Record-type recursive member functions and the “rec” keyword


Record-type recursive member functions and the “rec” keyword



I've always believed that in F# we needed to use the rec keyword for every recursive function, for example:

let rec factorial = function | 0 -> 1 | k when k > 0 ->  k * (factorial (k - 1)) | failwith "oops!" 

Today I was playing around with F# and I came up with a code similar to the following:

let MyRecordType =     { Something     : float;       SomethingElse : int }     with         static member factorial = function             | 0 -> 1             | k when k > 0 ->  k * (MyRecordType.factorial (k - 1))             | failwith "oops!" 

As you see, I've just defined a recursive function, but I made what at first seemed like a mistake: I forgot to declare the function as recursive by means of the rec keyword.

But to my surprise it compiles! And there's more to it: if you add the rec keyword, then it is a syntax error!

type MyRecordType =     { (* ... *) }     with         // syntax error:         static member rec factorial = function         (* ... *) 

I've googled around for an explanation but got nothing. In the MSDN documentation, I couldn't find any mention to the rec keyword outside the page about recursive functions, and as of 2010-01-03 it does not mention the case I'm asking about.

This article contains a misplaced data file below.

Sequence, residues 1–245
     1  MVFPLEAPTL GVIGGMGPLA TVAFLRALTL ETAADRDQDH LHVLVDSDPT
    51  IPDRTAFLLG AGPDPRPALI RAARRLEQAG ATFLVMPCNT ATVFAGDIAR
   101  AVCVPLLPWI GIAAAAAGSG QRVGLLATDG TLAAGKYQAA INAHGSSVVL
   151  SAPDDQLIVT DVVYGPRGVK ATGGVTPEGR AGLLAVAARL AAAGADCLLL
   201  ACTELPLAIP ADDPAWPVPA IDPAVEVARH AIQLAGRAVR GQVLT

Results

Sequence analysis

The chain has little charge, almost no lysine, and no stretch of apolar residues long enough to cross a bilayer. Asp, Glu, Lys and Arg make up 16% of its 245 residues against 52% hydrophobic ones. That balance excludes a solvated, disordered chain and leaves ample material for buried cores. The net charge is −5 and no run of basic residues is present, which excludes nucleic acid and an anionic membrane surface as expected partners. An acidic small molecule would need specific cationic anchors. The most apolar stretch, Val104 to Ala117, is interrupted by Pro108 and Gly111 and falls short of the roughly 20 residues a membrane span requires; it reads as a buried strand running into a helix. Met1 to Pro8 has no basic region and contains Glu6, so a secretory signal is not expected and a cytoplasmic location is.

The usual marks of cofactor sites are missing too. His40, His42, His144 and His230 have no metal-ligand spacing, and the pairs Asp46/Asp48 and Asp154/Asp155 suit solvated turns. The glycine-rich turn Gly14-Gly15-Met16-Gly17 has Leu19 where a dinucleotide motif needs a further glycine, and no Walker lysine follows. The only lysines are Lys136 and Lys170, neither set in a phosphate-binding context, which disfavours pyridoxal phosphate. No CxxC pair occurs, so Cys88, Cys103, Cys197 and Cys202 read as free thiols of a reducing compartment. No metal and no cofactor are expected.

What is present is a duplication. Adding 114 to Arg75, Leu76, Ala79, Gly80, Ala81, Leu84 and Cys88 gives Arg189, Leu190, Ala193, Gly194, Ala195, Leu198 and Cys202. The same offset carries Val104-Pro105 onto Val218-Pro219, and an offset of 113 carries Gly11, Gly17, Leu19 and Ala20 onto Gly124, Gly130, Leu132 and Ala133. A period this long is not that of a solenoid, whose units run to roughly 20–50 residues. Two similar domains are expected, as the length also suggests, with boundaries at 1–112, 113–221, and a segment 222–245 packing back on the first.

Exactly the same thing happens with non-static members.

So, why is it a syntax error to use the rec keyword on member functions of a record-type?




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'let rec' isn't about defining recursive functions, but defining a binding in an environment, that includes the binding for the current variable to be bound.


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You could use 'let rec' just as well to define e.g.


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Often, you don't want the binding to be included in the environment, as you might want to access an earlier variable by the same name..
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When you are defining the static member function, factorial, you aren't looking for a binding for a variable 'factorial', but for a type 'MyRecordType' (which is in the environment as a type definition), and if it happens to have a static member function called 'factorial', which it has..
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All "member" functions are implicitly "rec" within the type they're defined in..



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